It’s been a while since Walter died, but I long for his touch and his voice. I got his bathrobe and wrapped it around a pillow, and I buried my head into it to smell his body. I put heavy books and stuff on his side of the bed to trick me into thinking he’s there. Since then I have tried to pick myself up again. Walter’s family has been amazingly supportive and very caring. They saw how much I loved him, and they said that had it not been for me, his life would have been shorter and much more difficult than it was.
When I made a video for Walter’s funeral, many things struck me. In addition to his neurological condition, we also battled his cancer together. He had been a hairy man with a full beard, but with the chemotherapy and radiation, he lost his hair and it never grew back. While going through the photos for the video, I really saw Walter for the first time—as he was when he died—in a wheelchair, tired, skinny, and frail. It broke my heart because in the photos I saw him at the end of his life as if I’d never seen him before. In my mind, he had always looked so much like he did when we met, walking, healthy, white hair with a rich full beard and a beautiful face. He was lovely.
Walter and I did have a large circle of gay friends, but they were mostly his friends and predominantly older. Our gay friends didn’t care about our age difference. Many of them are good-looking men, so the good part for me was the eye candy. My friends were mostly all straight, and the ones I told never cared much about judging us. They just saw me as happy. Many of my friends never knew us as a couple, although some did. So after Walter’s death I was continually coming out to our friends because I couldn’t disrespect the love we had by allowing them to see him as just a mere friend.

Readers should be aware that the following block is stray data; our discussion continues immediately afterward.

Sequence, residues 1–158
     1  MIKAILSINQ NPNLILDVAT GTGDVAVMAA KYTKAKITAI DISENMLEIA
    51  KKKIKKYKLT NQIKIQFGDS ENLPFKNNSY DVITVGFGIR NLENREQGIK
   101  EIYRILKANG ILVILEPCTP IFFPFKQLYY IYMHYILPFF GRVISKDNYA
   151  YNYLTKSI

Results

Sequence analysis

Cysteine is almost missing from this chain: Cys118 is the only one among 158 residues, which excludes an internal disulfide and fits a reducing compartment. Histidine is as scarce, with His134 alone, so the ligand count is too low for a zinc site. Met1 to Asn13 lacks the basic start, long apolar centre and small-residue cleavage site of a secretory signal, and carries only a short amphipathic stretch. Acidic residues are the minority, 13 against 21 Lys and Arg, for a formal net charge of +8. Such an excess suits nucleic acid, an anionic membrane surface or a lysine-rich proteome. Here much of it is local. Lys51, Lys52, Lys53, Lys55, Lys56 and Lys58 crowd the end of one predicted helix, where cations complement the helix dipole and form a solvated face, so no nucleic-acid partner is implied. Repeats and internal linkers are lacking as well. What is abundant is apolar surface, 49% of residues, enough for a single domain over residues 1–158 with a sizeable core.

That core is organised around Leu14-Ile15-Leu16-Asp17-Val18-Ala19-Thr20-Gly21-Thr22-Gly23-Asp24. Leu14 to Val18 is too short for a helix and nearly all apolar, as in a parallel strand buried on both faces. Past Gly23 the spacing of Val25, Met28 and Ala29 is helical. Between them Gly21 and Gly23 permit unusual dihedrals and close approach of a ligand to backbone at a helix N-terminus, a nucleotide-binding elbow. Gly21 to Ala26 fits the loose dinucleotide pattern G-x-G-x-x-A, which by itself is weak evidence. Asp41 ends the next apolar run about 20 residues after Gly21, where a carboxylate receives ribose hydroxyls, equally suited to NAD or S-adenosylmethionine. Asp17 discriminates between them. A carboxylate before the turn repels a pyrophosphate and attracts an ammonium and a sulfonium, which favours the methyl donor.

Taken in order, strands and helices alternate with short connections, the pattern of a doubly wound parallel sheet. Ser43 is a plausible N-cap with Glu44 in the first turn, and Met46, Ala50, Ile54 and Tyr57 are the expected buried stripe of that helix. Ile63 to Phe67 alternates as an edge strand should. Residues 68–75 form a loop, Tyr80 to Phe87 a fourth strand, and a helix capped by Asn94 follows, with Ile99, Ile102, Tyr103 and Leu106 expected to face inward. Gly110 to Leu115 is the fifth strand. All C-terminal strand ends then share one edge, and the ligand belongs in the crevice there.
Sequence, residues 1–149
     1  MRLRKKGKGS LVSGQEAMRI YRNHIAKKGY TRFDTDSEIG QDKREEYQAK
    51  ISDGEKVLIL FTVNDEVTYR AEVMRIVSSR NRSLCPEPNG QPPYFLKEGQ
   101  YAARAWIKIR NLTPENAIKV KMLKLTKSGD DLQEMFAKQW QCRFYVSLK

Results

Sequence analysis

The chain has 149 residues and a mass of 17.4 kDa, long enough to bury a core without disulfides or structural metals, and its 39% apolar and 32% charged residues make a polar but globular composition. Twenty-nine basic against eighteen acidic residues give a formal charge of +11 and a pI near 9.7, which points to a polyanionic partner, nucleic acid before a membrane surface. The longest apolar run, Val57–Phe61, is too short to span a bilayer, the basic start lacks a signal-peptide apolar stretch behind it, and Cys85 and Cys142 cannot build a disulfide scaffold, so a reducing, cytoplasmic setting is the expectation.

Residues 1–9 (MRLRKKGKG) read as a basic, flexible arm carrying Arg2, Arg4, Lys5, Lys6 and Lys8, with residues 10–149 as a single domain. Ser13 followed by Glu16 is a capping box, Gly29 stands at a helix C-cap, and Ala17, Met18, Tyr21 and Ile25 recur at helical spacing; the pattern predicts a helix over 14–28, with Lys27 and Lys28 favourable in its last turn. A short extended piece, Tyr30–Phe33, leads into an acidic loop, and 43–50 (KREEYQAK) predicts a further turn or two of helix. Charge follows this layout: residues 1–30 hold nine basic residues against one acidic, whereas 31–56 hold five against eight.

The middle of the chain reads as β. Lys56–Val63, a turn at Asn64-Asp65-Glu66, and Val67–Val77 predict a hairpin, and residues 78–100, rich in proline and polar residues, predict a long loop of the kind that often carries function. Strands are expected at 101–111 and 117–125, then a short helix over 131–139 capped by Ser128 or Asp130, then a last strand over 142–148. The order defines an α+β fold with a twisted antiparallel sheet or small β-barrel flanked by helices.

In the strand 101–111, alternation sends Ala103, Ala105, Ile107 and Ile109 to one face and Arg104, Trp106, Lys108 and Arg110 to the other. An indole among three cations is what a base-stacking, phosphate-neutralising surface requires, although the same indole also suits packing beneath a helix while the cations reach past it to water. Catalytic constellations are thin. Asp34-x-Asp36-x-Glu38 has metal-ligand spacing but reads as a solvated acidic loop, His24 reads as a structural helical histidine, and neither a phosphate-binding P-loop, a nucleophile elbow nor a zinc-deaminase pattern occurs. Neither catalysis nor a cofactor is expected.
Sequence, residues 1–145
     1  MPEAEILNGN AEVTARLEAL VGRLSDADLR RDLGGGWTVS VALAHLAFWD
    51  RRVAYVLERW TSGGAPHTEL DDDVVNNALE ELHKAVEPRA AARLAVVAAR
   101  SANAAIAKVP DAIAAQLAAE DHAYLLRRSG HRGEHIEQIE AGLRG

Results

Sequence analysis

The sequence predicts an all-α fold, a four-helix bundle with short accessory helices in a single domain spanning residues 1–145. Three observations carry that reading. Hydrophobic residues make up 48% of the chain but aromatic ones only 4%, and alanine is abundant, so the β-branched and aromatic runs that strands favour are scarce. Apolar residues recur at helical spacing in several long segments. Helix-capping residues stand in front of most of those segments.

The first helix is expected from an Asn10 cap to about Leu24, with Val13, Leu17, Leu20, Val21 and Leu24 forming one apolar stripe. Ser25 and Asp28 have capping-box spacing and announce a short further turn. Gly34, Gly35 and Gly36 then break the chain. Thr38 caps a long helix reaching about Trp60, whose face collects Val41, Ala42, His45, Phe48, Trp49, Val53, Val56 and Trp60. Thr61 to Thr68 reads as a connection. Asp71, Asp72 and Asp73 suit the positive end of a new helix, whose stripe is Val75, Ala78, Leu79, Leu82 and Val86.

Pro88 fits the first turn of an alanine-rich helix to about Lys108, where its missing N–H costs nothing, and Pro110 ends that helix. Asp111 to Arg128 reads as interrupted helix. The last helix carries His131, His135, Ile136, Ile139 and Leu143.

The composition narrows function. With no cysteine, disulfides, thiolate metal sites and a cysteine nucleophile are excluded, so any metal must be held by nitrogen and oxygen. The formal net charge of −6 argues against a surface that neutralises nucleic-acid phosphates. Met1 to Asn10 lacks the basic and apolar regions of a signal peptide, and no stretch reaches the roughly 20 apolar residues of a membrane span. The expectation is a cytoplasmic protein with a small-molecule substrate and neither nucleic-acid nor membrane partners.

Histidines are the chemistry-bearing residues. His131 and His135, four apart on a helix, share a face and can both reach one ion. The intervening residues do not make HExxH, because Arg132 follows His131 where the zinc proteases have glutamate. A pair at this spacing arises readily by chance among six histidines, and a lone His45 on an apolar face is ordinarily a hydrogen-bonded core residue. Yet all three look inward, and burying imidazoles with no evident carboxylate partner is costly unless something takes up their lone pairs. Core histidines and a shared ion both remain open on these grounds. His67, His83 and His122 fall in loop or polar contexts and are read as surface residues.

Many of Walter’s friends had wondered about his sanity. Walter loved classical music and literature, while with my tattoos I resemble someone from Jimi Hendrix’s rock band. They freaked. What Walter said he liked about me was my enthusiasm about life, that I never smoked or drank, and I valued loyalty and honesty. He told me I was too good to be true. Before Walter, many times I wished I were “normal,” but that was before my journey took afoot. Now I wouldn’t change it for anything. The life I have led is interesting, broad and diverse in experiences and attitudes, the two things that help shape who we are as humans. Mine are such that I love who I am and what this pocket of sexuality gives me.